Privacy. Most people in the Western world want it, although it feels like we’re losing our right to a bit of peace and quiet.
Conceptually, privacy allows us to be left alone. In the EU, privacy is protected by the Human Rights Act of 1998. Article 8 “protects your right to respect for your private life, your family life, your home and your correspondence.” These tend to be the fundamental requirements for any society that considers itself to be democratic.
Article 12 adds to this:
“No one shall be subjected to arbitrary interference with his privacy, family, home or correspondence, nor to attacks upon his honour and reputation. Everyone has the right to the protection of the law against such interference or attacks.”
👉 Privacy International argues that it “is a fundamental right, essential to autonomy and the protection of human dignity, serving as the foundation upon which many other human rights are built.” While privacy is a human right in the EU, the definition varies according to the region and its culture.
Over 100 countries have some form of privacy and data protection law, but some are more tolerant than others; privacy doesn’t always register as a major concern, whether because of a sense of collectivism, or due to a conscious effort by the ruling party. For example, China recently introduced mandatory face scans for new SIM card purchases, a measure which would be seen as draconian in many countries.
Traditionally, people look to the government when voicing privacy concerns. In the UK, everything from proposed ID cards to the EU itself have been subject to complaints – yet a more credible threat to privacy is arising from the online sphere. Ironically, though technology has more potential to protect privacy than ever before, it is instead used to surveil, with numerous organisations collecting as much information as possible.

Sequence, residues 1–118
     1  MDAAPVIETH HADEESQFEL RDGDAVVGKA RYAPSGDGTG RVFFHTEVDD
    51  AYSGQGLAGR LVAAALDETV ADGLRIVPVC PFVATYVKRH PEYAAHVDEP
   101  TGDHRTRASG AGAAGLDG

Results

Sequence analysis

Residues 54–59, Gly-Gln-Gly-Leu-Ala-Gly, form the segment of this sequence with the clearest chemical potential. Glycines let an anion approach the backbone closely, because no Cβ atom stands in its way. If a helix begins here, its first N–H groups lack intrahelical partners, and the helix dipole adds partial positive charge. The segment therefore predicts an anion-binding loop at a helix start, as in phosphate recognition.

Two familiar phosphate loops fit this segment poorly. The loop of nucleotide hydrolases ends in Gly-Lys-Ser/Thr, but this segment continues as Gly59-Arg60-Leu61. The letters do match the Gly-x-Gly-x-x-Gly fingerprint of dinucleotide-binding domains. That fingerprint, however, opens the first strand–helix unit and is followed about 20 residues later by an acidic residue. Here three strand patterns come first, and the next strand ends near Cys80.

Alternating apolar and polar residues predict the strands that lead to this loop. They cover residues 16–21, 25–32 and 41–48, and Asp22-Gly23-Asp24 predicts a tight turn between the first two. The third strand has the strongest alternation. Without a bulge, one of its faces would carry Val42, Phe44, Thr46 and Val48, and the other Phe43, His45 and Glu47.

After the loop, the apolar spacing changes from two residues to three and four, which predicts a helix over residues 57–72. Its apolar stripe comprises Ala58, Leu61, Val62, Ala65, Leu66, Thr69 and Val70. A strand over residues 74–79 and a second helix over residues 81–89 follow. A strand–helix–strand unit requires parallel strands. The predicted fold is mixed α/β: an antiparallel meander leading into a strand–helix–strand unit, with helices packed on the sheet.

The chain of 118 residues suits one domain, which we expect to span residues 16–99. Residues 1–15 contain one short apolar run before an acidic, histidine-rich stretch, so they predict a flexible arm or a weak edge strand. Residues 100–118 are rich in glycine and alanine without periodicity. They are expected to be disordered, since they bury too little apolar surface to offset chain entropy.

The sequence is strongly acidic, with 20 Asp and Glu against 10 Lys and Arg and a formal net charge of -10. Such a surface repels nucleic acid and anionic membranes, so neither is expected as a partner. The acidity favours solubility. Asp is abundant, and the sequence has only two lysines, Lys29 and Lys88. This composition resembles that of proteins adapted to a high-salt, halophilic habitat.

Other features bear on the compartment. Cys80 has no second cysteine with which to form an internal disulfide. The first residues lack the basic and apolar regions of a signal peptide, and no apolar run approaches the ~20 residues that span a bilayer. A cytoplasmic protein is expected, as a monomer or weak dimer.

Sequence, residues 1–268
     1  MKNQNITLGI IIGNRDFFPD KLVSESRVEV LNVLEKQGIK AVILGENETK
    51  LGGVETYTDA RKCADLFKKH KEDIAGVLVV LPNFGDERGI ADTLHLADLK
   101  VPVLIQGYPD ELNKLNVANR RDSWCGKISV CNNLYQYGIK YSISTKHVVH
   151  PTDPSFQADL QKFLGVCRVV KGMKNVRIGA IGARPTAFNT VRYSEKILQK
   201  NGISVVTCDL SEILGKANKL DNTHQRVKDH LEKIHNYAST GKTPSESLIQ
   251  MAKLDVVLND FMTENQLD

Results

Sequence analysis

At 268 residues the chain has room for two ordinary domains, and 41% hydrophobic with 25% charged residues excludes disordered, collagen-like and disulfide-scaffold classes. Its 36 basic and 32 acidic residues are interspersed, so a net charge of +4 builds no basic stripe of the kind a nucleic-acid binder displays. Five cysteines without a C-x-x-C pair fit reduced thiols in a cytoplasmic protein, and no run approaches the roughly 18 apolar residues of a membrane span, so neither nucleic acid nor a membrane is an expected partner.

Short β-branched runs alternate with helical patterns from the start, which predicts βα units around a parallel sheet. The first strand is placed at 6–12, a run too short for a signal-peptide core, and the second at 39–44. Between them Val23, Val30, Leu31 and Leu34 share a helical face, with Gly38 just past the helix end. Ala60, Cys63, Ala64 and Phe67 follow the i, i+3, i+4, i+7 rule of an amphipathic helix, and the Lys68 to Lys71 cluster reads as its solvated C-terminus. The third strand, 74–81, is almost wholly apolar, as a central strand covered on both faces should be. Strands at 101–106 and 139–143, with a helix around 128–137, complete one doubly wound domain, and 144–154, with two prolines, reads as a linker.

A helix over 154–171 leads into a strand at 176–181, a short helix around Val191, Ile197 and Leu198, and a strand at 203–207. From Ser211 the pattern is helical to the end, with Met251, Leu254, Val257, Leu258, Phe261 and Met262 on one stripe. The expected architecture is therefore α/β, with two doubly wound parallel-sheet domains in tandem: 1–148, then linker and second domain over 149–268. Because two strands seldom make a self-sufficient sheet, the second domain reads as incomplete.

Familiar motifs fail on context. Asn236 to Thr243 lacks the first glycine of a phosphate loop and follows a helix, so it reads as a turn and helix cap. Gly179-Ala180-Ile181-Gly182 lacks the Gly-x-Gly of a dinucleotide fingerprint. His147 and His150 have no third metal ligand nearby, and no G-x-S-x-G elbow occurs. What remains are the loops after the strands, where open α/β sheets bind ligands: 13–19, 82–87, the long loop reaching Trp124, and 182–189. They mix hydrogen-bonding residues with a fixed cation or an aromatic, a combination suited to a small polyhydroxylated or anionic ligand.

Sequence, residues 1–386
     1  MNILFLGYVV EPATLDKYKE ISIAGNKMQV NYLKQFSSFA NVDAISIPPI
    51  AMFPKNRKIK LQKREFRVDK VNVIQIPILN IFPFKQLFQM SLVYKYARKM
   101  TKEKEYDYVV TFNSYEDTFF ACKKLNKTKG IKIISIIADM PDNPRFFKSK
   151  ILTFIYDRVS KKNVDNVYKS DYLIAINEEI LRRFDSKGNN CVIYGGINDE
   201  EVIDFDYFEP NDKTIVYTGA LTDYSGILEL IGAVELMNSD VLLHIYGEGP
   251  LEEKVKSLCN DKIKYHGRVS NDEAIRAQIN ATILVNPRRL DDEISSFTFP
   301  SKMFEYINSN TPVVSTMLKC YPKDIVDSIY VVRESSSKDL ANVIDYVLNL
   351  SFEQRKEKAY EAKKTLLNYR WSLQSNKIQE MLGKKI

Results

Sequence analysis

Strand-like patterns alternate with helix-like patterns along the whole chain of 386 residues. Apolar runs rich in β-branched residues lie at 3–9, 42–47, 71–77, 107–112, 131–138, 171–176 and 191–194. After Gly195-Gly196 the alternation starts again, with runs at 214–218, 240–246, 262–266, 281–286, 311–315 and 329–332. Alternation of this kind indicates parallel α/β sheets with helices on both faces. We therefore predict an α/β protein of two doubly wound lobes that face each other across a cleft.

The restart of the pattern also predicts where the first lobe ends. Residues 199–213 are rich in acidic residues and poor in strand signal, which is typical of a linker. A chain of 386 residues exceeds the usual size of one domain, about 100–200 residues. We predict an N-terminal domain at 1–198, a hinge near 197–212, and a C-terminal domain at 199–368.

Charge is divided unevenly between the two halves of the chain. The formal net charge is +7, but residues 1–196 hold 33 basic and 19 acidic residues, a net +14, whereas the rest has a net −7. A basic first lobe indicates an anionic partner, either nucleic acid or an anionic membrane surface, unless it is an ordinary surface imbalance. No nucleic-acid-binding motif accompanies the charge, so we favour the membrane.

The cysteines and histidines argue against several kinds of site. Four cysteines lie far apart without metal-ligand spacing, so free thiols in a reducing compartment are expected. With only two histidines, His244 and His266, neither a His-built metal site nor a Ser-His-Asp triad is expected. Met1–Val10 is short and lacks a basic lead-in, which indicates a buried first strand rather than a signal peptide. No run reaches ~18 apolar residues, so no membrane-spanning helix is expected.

Privacy is difficult to maintain in an age of smartphones and social media, where many have sacrificed it in favour of convenience. Take the average smartphone: it’s constantly pinging your location and heaps of extra info… but you do get an accurate map that will always show where you need to go. It’s a trade-off, and many have accepted the negatives that come with the positives.
The same goes for everything from Google searches to Amazon purchases. Technological advances do make life easier, but many also chip away at our personal life until there isn’t much left unexamined. Organisations will always want more information about their users, and their methods continue to grow more sophisticated, involving big data, or even loopholes and illegal means.
Privacy is a human right in much of the world for good reason. Respect for private life, family life, home, and correspondence is entirely reasonable, allowing people to live lives free from the threat of outside interference.